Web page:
The results of a months-long housing study were presented to the Odessa City Council and the Odessa Development Corporation Tuesday afternoon, and ODC is already proposing to develop a workforce housing coalition to begin addressing the ongoing housing crisis.
Community Development Strategies, a Houston-based consulting firm, conducted the study, and CDS President Steven Spillette and Senior Analyst Michael Prats presented the findings of the study and their recommendations moving forward.
Spillette started the presentation giving reasons behind the crisis that many already know, how the thriving oil and gas sector is inflating the cost of housing, making it more difficult for residents outside of that sector to pay their rent. One of the unique things about Odessa, Prats said, was that there was no clear distinction in rental prices based on apartment classes as there are in many other cities.
“When we first started getting the rent data, we were pretty shocked,” Spillette said. “We were at properties that were 30 to 40 years old, and they were charging rents that a fancy new property in urban Houston would be charging.”
One of the main needs Spillette thought was required was a new organization to be created that’s not part of any governing entity, but still involved with them, to address workforce housing.
“The need for a new, well-funded and capable organization with active involvement across government and other entities and the right kind of staffing needs to be in place to move things forward,” Spillette said. “Because we just don’t think that any existing organization necessarily has the capability or the mission to address the special needs of the housing market here.”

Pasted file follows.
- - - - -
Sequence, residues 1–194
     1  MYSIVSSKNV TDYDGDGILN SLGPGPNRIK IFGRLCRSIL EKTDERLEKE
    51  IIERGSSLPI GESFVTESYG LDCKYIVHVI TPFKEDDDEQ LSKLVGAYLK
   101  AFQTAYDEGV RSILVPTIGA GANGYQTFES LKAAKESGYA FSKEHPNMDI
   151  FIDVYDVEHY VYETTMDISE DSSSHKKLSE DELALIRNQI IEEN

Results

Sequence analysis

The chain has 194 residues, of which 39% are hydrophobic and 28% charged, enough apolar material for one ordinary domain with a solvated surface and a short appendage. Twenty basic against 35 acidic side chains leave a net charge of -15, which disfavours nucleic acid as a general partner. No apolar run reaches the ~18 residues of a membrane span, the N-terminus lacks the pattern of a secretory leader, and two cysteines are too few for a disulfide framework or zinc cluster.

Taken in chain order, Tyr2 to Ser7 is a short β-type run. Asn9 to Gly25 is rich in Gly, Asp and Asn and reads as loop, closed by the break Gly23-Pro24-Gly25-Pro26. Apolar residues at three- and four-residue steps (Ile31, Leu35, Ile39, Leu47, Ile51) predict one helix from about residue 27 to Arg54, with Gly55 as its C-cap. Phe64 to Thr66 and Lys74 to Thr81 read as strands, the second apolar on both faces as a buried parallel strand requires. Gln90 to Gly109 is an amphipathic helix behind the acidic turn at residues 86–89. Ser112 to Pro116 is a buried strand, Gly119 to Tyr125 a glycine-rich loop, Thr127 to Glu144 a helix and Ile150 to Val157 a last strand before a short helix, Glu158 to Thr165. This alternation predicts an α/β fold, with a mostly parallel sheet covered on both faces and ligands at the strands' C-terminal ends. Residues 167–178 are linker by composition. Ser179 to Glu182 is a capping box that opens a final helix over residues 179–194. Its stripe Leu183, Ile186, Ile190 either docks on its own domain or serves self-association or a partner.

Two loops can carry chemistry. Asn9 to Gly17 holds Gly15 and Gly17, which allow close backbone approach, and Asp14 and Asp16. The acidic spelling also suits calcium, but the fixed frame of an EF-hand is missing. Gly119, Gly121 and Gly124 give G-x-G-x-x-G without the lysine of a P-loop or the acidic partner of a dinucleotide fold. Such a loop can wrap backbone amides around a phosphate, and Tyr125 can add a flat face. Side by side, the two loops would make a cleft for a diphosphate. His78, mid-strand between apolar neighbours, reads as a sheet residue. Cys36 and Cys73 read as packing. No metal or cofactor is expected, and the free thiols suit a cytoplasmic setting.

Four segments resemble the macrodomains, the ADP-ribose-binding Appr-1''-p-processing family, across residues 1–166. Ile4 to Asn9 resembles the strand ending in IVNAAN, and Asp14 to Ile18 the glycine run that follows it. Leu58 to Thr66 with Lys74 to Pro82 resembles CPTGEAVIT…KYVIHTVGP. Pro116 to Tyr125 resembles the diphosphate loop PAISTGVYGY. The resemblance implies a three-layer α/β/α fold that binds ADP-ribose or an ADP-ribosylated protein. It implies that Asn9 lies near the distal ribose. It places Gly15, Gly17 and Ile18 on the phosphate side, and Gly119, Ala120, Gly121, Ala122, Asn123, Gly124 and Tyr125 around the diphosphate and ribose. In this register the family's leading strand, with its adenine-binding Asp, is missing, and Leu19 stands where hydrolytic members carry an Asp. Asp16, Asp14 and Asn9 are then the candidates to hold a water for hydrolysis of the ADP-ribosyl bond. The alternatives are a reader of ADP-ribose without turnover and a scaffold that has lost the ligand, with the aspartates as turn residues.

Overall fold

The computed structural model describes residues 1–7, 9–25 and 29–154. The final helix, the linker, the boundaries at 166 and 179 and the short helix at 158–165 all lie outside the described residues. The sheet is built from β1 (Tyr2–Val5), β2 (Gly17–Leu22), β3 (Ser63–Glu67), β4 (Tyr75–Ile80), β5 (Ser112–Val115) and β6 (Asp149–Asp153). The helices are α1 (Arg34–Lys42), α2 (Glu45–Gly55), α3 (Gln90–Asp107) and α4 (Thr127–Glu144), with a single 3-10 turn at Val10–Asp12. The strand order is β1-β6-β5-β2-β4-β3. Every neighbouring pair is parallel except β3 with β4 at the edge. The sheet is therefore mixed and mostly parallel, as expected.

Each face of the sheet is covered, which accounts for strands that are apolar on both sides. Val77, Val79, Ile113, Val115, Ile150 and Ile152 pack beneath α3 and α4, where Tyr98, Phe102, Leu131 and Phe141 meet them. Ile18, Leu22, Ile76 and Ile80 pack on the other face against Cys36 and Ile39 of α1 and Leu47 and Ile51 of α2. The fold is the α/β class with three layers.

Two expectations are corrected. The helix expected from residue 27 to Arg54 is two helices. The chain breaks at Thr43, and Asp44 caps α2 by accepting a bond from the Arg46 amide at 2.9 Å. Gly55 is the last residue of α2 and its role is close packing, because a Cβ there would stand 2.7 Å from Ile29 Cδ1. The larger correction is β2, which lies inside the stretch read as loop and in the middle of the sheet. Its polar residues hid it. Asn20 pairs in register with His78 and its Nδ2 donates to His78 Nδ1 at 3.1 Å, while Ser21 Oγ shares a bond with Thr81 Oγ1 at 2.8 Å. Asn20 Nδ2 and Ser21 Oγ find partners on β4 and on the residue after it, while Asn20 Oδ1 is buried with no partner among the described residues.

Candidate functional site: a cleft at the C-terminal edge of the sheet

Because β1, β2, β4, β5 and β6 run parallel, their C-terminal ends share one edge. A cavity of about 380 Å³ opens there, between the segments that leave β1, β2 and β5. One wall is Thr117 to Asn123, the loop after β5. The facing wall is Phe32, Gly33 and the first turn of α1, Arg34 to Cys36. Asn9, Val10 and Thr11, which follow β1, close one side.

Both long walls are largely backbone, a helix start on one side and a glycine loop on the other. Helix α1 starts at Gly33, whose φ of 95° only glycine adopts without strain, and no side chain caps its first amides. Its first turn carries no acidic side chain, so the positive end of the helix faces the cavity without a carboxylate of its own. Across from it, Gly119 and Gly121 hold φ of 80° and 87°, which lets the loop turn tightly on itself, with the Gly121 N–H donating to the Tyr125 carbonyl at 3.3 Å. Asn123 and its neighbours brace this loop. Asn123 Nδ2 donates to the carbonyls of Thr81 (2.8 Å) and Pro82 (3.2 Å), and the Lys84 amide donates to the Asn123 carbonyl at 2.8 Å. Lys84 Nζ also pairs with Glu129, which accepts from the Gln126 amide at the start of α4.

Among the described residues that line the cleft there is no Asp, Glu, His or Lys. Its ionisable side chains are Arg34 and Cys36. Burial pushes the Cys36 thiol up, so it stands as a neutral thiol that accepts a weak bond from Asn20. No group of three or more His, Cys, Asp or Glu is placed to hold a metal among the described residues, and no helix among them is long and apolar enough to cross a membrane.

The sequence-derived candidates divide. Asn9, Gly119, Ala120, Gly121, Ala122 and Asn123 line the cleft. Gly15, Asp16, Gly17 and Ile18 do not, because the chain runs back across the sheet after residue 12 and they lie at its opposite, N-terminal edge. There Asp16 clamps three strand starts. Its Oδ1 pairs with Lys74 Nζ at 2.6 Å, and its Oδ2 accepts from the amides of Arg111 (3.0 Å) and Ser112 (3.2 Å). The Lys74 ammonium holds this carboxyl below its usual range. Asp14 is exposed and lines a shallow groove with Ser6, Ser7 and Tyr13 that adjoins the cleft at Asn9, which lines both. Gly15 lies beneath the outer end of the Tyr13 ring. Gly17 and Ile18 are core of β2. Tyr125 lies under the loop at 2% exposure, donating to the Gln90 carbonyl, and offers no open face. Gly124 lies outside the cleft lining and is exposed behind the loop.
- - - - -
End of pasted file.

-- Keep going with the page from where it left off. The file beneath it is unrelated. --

With that in mind, ODC Chairwoman Besty Triplett-Hurt proposed HOW– Housing Odessa Workers– which she said would provide a central point for new workers who might be facing challenges about housing and helping them ease the process of getting housing, whether it be existing housing, or facilitating the creation of new housing.
Triplett-Hurt said they already scheduled another meeting to discuss HOW, which will be at 7:30 March 20 at Odessa Regional Medical Center, and asked ODC to put up $5 million in funding to be used toward HOW, which she said could be taken from the Summit energy plant deal that fell through years ago.
Spillette called a coalition like this critical, making use of not just government entities, but corporate entities.
“You have an established corporate community that is active in this area, we think there’s a lot of space for them to work on this issue and contribute very significant funding,” Spillette said.
Other recommendations from CDS included creating smaller housing specifically for oilfield workers, which would later be able to be removed should another bust occur.
“In effect, we’re trying to get them separated so we’re blunting the impact they have on the market,” Spillette said.
Infill housing was another suggestion. As opposed to buying more land, the idea would be to take parcels of land and already developed lots and building housing. Triplett-Hurt said after the meeting she thought the idea was awesome.
Another idea Triplett-Hurt had for helping the crisis would be forming a community land trust, which entails taking lands owned by various entities and allowing purchasers to lease the land instead so they don’t have that cost as part of getting their home constructed. Spillette said Austin and Houston are already undertaking land trusts themselves.
Mayor David Turner was at the meeting and called the report a call to action.
“I think this is a call to action, and I think people are tired of talk,” Turner said. “We’ve got to get to work.”